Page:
• lparkerpicken

APPEAL DISMISSED - LAND TO THE REAR OF SEND BARNES LANE

Cllr Guida Esteves commented on our Facebook page on 8 November:



I was heartened by the Inspector’s recent dismissal of the appeal for 28 dwellings to be built on land behind 5 Send Barns Lane in Send.

These are not the right homes in the right place. This is not an allocated site in the Local Plan, there is no identified need for these homes in Send and as the inspector points out “the Council has confirmed that it can demonstrate a five year supply of deliverable housing sites, and the recently updated figure confirms a 7.34 year supply”. There were many reasons given for the dismissal , including poor design inconsistent with the semi-rural nature of the village.

Some points stood out which could easily apply to many of the applications for new houses in Send since April 2019 when our village was inset from the Greenbelt.

- The site is bounded by the rear gardens of residential properties […] as well as undeveloped open countryside, reflecting the prevailing semi-rural nature of the area. - A loose-knit urban grain exists within the village, with a variety of dwelling types and a prevalence of soft landscaping within plots, reflecting the proximity of the built development to open countryside. - The indicative layout plan proposes to introduce an urbanising form of development onto the site, which would be strongly at odds with the semi-rural character of the area. - The proposed straight, dense and regular arrangement of the majority of the new dwellings within a long L-shaped access road would be out of keeping with the more informal, loose-knit, spacious layout of built development which prevails within the locality. - The amount of building footprint of the proposed dwellings and the significant amount of space taken up by the access road, parking and turning areas, means that built development would dominate the scheme, to the detriment of the semi-rural character of the area. - Tandem parking to the side of a number of the dwellings would result in built development extending across the full width of a number of the plots. This would be incongruous within the surrounding more spacious ad-hoc layout of built development, where dwellings are set in spacious and soft-landscaped plots, so that built development sits comfortably within a semi-rural environment without being visually dominant. - Whilst some new tree planting is shown adjacent to the road entrance, the narrow width of the remainder of the road and its lack of pavements would restrict the ability of the scheme to provide a tree-lined new street, as required by the framework.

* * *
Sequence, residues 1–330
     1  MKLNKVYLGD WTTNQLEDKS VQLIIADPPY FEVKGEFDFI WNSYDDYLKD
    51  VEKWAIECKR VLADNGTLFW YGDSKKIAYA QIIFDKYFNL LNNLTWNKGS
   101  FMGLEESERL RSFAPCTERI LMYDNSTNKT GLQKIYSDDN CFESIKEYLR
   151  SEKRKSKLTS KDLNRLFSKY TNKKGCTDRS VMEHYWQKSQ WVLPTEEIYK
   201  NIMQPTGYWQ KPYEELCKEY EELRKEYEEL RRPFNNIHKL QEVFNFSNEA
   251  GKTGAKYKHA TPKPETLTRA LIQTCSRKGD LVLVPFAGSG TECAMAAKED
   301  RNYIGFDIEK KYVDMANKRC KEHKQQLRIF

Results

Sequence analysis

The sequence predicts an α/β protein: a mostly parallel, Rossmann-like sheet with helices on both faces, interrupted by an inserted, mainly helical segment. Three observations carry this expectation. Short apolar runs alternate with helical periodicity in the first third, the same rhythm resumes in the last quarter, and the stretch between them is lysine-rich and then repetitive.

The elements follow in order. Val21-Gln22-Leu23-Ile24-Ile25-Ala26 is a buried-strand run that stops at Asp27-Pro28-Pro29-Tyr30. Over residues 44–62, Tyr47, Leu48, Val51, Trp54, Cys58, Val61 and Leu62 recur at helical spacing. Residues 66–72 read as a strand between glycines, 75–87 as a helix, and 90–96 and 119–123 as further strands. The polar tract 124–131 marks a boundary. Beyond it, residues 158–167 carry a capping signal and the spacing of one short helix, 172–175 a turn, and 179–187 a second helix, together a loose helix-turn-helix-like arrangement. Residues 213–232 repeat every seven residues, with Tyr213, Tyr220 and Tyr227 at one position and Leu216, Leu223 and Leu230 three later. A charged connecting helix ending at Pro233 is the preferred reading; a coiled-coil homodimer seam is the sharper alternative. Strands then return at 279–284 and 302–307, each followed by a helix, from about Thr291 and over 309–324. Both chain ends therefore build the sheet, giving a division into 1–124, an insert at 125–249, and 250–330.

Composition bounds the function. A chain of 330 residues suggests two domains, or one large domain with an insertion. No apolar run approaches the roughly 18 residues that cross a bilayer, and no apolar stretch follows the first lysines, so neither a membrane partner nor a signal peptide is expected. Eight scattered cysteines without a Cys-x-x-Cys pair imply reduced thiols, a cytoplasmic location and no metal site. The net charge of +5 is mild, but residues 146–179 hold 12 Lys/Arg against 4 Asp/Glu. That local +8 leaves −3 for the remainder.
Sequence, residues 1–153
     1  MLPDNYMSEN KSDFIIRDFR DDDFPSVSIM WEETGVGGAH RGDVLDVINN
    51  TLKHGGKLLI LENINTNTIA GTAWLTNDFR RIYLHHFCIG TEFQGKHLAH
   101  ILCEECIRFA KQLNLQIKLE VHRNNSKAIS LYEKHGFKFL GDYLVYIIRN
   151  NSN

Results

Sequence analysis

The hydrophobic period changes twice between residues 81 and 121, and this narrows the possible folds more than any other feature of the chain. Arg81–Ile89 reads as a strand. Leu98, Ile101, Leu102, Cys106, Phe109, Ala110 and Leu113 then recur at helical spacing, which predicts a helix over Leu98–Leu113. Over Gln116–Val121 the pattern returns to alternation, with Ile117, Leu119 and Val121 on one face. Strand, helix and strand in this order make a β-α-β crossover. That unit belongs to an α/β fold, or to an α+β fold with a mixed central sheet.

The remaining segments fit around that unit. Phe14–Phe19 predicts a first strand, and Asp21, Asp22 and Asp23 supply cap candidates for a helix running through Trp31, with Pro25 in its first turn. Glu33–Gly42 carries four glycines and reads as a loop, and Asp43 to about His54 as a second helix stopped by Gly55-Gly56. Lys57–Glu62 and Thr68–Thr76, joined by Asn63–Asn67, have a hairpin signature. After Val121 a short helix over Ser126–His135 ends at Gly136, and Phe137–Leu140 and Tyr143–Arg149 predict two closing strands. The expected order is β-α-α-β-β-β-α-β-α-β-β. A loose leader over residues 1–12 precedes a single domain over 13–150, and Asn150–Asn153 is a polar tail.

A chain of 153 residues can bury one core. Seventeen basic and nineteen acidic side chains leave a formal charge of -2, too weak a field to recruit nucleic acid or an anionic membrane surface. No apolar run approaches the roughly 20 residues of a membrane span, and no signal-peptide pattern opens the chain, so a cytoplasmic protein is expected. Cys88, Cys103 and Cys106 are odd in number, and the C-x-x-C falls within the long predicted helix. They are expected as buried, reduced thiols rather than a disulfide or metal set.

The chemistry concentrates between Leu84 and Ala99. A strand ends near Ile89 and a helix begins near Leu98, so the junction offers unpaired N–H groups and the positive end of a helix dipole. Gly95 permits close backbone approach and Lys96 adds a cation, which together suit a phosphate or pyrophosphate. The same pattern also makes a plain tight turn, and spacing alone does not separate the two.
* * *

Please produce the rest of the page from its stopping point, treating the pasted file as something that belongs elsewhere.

13 views0 comments

Recent Posts

See All

Greenfield, Brownfield and the CPRE

GGG supports the Campaign for the Protection of Rural England, and in fact many of our members are also members of CPRE. The CPRE proudly announce below details of a meeting with the Housing Minis

To build or not to build?

In this letter to the Guildford Dragon, Cllr Ramsey Nagaty set out the current position re the GBC Local Plan, approved in 2019. He began: “Guildford borough faces a two-edged sword under current gov